How many times have we heard that traditional TV broadcasts will continue to outrank OTT services because of live appointment TV? Humans are generally social animals so we want to experience events together, whether it’s cultural or sporting, or even something like the airing of a popular television drama such as Game of Thrones. And because of their social significance these events are unlikely to change.
But the way that we watch TV has. Audiences now want programming wherever they are and on any device. Yes, they’ll gravitate towards the biggest screen available, but the means of delivering TV content to that screen is now varied and relies almost entirely on internet delivery, whether it’s using smart TVs, STBs, streaming devices or apps on games consoles. Now, millions of people can be watching a live event away from the traditional broadcast. Cord-cutters to some, connected audiences to others – this is what we call Big Live OTT.
Onboarding and then streaming to huge numbers of viewers has always been a challenge. But one of the big differences to the first round of internet-delivered platforms is that Big Live OTT services are now supported by smarter origin and delivery systems. This means that the days of live streams being delivered two or three minutes behind the main broadcast are long gone. In fact, Amazon’s Jim De Lorenzo said at a conference last November that the Prime Video service was able to deliver streams of the NFL’s Thursday Night Football to fans faster than the traditional broadcast. And new technologies have emerged to help spread the load of millions of users starting to watch the same show at the same time.
It’s not just performance that makes internet-delivered services attractive to users. The reality is that they allow operators to create TV experiences that go far beyond broadcast.
What’s possible with live OTT TV?
This beyond-broadcast experience has been made possible with better, more accessible content delivery technology. Sports can be shown at 4K with higher frame rates, for example. When delivering TV programming to multiple platforms, service operators can easily insert personalized ads to specific groups or demographics of viewers. At the same time, platform analytics allow operators to use insights into audience behavior to change service operation, creating the best user-first live OTT experience for viewers.
Not only this but as the cost for distribution rights continues to rise, investments made into the production and delivery of programming need to be protected. This is much easier to achieve within an OTT delivery network because user-specific forensic watermarks can be added to live streams. These can then be used to identify pirates if a signal gets illegally distributed. None of this functionality is available with traditional broadcast-only delivery.
Live OTT’s biggest challenge
In order to deliver these experiences, the live distribution network that is used to distribute programming has to operate to the highest standard. Whatever the big live OTT event, social audiences have big expectations. Nothing is more important to a sports fan’s party than making sure they’re able to watch the game, as it happens. If audiences are waiting to find out the result to a show, distributors can’t afford delays or glitches.
Edgeware worked out last year that it only takes a live stream to be delayed by 13 seconds for a tweet to reveal an incident and potentially spoil the action. As an audience that uses social media during live events, those 13 seconds are enough to completely ruin the overall viewing experience. To avoid these delays, live delivery networks have to be rock-solid and operate as designed, no matter how many people are using a network at once.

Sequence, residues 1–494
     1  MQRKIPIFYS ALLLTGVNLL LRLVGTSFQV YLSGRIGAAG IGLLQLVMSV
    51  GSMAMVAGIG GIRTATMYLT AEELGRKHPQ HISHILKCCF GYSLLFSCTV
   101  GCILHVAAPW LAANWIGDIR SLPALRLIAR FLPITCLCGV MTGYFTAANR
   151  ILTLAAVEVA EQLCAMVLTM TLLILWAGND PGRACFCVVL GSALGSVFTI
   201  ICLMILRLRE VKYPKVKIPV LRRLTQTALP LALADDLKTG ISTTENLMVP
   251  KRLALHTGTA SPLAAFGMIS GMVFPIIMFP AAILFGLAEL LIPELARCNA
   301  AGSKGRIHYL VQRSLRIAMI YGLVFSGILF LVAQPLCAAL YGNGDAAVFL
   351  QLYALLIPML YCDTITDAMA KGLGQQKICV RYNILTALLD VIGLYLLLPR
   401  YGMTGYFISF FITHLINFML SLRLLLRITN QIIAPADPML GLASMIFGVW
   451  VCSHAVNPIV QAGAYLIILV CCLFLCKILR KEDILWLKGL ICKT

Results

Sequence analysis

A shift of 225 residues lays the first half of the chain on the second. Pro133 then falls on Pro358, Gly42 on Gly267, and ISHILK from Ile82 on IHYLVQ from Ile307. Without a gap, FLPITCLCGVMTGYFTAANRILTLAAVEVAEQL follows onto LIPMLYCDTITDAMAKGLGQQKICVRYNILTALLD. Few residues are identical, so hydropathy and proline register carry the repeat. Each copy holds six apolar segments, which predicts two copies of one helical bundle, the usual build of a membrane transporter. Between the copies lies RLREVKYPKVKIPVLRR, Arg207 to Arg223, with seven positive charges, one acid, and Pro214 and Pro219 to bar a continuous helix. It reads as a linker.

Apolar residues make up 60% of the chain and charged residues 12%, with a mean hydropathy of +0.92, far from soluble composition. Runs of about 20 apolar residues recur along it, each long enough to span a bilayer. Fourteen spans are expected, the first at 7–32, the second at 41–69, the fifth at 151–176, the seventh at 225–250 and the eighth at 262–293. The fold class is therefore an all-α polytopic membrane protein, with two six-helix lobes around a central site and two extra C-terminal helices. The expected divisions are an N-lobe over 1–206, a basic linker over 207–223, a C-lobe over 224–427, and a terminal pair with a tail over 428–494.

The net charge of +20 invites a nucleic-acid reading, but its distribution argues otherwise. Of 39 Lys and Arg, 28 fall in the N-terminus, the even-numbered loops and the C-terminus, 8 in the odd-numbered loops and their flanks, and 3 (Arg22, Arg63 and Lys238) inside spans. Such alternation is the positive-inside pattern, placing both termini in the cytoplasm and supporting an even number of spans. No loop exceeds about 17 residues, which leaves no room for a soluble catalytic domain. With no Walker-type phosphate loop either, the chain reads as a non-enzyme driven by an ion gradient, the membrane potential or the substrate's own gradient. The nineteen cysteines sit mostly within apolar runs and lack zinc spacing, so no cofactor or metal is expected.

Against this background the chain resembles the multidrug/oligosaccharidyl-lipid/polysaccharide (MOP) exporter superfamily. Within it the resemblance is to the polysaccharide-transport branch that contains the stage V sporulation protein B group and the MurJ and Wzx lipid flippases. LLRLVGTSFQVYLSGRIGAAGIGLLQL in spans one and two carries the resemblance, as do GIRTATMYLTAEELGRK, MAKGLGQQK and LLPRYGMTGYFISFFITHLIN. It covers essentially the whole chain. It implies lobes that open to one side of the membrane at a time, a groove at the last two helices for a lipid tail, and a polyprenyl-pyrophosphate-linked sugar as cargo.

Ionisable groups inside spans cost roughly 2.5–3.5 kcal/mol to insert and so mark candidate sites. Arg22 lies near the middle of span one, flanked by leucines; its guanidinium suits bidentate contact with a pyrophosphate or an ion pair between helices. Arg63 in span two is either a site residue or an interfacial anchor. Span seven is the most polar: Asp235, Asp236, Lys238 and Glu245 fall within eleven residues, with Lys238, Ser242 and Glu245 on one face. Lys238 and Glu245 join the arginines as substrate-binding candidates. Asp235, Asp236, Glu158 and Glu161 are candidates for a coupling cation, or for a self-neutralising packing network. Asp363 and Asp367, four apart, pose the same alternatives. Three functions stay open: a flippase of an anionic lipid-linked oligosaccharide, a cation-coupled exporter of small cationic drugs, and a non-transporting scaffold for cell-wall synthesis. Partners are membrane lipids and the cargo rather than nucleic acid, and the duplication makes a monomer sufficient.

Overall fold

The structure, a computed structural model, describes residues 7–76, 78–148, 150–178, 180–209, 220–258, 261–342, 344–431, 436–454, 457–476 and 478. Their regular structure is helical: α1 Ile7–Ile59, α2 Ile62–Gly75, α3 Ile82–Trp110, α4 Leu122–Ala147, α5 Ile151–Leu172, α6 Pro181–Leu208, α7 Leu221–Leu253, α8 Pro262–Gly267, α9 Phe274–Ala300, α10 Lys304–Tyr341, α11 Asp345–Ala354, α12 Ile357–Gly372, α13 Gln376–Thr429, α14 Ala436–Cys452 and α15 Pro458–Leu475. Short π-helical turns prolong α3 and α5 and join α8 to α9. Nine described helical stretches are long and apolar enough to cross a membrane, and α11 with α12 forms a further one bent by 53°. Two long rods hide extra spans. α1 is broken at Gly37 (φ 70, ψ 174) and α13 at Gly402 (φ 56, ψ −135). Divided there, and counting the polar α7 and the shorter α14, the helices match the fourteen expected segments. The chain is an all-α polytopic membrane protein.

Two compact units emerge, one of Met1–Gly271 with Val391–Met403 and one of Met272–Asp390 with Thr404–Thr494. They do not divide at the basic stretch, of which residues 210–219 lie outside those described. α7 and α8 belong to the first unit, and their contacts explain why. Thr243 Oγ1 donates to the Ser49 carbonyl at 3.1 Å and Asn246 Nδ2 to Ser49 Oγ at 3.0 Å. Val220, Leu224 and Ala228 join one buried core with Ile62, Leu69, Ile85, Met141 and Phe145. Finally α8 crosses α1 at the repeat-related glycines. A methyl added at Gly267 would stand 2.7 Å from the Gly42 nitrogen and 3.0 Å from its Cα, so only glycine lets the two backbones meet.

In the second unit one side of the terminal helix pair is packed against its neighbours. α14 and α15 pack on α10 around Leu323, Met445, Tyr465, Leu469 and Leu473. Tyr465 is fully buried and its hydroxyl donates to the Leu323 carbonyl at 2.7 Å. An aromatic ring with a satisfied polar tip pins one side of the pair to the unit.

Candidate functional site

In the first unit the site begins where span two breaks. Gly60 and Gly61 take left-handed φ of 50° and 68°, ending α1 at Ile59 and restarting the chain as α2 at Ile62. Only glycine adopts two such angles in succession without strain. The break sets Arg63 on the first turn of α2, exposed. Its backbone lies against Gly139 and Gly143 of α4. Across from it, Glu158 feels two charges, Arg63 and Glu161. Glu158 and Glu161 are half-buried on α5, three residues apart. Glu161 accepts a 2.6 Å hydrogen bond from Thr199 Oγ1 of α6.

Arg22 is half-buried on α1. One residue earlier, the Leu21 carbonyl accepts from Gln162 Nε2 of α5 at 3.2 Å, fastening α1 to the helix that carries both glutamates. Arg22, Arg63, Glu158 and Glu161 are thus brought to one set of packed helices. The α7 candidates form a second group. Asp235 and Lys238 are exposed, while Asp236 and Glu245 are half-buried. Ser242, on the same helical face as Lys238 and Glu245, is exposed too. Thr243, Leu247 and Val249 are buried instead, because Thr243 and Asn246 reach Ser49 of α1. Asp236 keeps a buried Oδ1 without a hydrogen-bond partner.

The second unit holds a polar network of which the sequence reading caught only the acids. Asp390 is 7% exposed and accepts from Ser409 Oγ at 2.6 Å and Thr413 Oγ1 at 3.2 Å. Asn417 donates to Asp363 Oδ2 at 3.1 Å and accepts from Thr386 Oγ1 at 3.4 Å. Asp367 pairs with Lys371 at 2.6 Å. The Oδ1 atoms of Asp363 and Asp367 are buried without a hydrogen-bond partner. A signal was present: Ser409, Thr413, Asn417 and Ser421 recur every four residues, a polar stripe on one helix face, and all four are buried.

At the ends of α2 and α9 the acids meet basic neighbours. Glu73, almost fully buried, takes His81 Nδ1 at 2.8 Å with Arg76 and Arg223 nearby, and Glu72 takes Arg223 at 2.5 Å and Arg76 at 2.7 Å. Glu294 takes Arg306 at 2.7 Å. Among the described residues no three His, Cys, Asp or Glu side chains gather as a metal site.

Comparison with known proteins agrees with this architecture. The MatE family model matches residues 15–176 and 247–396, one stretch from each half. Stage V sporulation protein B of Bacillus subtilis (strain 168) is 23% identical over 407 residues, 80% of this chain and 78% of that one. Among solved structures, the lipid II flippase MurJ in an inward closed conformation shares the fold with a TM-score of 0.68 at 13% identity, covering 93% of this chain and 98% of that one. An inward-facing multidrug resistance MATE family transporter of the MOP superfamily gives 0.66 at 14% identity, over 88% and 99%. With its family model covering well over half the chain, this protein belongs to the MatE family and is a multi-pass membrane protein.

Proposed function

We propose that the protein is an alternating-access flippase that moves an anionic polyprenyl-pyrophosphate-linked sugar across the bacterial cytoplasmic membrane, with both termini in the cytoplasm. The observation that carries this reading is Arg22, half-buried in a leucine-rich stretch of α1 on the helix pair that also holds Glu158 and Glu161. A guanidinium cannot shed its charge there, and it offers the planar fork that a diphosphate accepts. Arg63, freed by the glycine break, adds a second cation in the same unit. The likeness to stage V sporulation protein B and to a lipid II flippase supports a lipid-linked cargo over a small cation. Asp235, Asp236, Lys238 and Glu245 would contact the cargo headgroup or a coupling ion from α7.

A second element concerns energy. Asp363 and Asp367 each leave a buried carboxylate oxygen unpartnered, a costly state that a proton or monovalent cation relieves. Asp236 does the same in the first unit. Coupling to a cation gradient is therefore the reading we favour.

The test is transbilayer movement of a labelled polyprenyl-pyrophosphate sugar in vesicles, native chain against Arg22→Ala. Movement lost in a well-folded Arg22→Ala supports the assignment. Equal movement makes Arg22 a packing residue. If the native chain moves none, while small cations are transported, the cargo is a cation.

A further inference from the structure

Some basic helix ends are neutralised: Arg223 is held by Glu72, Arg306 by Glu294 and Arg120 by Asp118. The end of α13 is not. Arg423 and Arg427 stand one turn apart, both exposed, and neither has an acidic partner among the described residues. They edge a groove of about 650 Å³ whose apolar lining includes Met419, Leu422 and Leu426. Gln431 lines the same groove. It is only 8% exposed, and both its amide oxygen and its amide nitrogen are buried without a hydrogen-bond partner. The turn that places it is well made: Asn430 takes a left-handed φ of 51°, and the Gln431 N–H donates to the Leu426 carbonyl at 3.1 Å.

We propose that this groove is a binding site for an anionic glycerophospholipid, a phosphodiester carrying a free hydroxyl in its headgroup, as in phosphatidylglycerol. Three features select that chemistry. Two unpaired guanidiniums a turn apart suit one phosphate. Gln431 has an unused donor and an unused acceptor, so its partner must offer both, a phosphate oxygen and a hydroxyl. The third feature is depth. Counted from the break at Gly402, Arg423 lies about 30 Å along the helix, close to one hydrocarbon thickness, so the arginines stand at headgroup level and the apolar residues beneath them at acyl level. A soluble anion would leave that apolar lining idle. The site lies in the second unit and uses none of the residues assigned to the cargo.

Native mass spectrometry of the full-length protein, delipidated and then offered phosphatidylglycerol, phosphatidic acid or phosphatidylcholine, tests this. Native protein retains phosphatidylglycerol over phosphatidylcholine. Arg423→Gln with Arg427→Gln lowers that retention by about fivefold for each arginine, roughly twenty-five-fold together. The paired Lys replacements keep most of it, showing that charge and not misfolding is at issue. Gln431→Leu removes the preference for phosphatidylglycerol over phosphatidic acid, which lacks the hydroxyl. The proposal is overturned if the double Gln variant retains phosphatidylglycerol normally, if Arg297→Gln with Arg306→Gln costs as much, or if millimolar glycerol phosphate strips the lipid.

The most crucial time for the network to do this is during the onboarding that happens at the start of an event. Typically, 50-60 percent of client requests come within the first two minutes of the start of a major event. For something like the Super Bowl or a World Series, that could be millions of people logging on to a single service at once. This is enough to put a big strain on any delivery network. By building a dedicated network for IP-delivered TV service distribution, content providers can overcome this challenge.
Using dedicated networks to onboard users
Renting capacity on a general-purpose content delivery network means that live OTT services will be delivered by a third-party, so delays and latency are completely outside the control of the rights holder and service provider. Dedicated networks however give users better control over their programming, allowing them to onboard huge numbers of viewers while delivering a service with the lowest latency.
The network should be able to predict user requests as they begin to ramp up – i.e at the start of an event. The network can then balance the expected load across the network’s servers so a single server doesn’t become overloaded when another has available capacity. This speeds up the overall delivery for anyone requesting the live programming.
TV-dedicated content delivery networks will also better manage requests for content between the delivery server and the content owners’ origin. Instead of registering every single network request for program segments, it will consolidate these and only ask for content to be sent once. This saves capacity on the origin server and the backhaul network, creating a more efficient delivery process.
Meeting the OTT challenge
Audiences rely on internet-led TV services more than they ever have and this reliance is only going to increase. The service providers and broadcasters delivering that TV understand more than ever that distributing big live OTT events is just as important as their other broadcasts. By retaining complete control of their programming, onboarding millions of users becomes easier and service providers can make sure live programming is delivered without delays, glitches or buffering.